Cows are as diverse as cats, dogs, and humans: Some are very quick learners, while others are a little slower. Some are bold and adventurous, while others are shy and timid. Some are friendly and considerate, while others are bossy and devious.
According to research, cows are generally quite intelligent animals who can remember things for a long time. Animal behaviorists have found that they interact in socially complex ways, developing friendships over time and sometimes holding grudges against other cows who treat them badly.
These gentle giants mourn the deaths of and even separation from those they love, sometimes shedding tears over their loss. The mother/calf bond is particularly strong, and there are countless reports of mother cows who continue to call and search frantically for their babies after the calves have been taken away and sold to veal or beef farms. Read more inspiring stories and learn fascinating facts about cows and other animals in the bestselling book Animalkind.
Research has shown that cows clearly understand cause-and-effect relationships—a sure sign of advanced cognitive abilities. For example, they can learn how to push a lever to operate a drinking fountain when they’re thirsty or to press a button with their heads to release grain when they’re hungry. Researchers have found that cows not only can figure out problems but also enjoy the intellectual challenge and get excited when they find a solution, just as humans do.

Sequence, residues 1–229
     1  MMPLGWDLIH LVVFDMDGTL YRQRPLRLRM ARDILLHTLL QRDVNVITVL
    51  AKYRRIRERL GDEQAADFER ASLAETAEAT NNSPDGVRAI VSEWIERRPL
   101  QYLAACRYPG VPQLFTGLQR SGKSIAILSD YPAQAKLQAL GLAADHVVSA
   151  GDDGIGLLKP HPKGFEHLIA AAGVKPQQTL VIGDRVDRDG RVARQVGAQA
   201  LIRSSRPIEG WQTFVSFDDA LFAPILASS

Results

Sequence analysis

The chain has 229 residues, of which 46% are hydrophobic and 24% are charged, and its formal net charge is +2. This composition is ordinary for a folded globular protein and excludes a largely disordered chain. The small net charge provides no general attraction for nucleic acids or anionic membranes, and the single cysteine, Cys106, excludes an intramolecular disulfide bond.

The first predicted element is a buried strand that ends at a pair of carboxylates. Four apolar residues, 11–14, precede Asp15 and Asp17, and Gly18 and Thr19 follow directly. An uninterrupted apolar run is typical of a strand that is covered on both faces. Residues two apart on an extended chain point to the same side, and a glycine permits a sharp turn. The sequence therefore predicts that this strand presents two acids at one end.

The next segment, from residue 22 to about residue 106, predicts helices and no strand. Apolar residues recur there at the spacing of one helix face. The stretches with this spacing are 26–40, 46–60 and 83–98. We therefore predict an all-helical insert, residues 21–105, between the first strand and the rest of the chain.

Pecking Orders Aren’t Just for Chickens
A herd of cows is very much like a pack of wolves, with alpha animals and complex social dynamics. Each animal can recognize 50 or more members of the herd, and relationships are very important to cows. They consistently choose leaders who have good social skills and are intelligent, inquisitive, self-confident, and experienced—while pushiness, selfishness, a large size, and brawniness are not recognized as suitable leadership qualities.
Raising cows in unnatural conditions, such as on crowded feedlots, causes them distress because it upsets their social hierarchy. Researchers note that cows who are kept in groups of more than 200 on commercial feedlots become stressed and constantly fight for dominance. (Feedlots in the U.S. hold thousands of cows at a time.)
Cows Don’t Want to Die
Like all animals, cows value their lives and don’t want to die. Stories abound of those who have gone to extraordinary lengths to fight for their lives.
A cow in Virginia named Idabelle was about to be loaded onto a freighter bound for Venezuela when she turned around, ran back down the gangplank, and leaped into the river. Even though she was pregnant (or perhaps because she was pregnant), she managed to swim all the way across the river, eluding capture for several days. She was rescued by PETA and sent to a sanctuary.
When workers at a slaughterhouse in Massachusetts went on break, Emily the cow made a break for it. She took a tremendous leap over a 5-foot-tall gate and escaped into the woods, surviving the harsh New England winter weather with the aid of concerned local residents who began watching for her and leaving out hay for her to eat.
When she was caught several weeks later by the owners of a nearby sanctuary, the public demanded that the slaughterhouse allow the sanctuary to buy her for $1. Emily lived out the rest of her life in peace in Massachusetts. Her life is a testament to the fact that eating meat means eating animals who don’t want to die.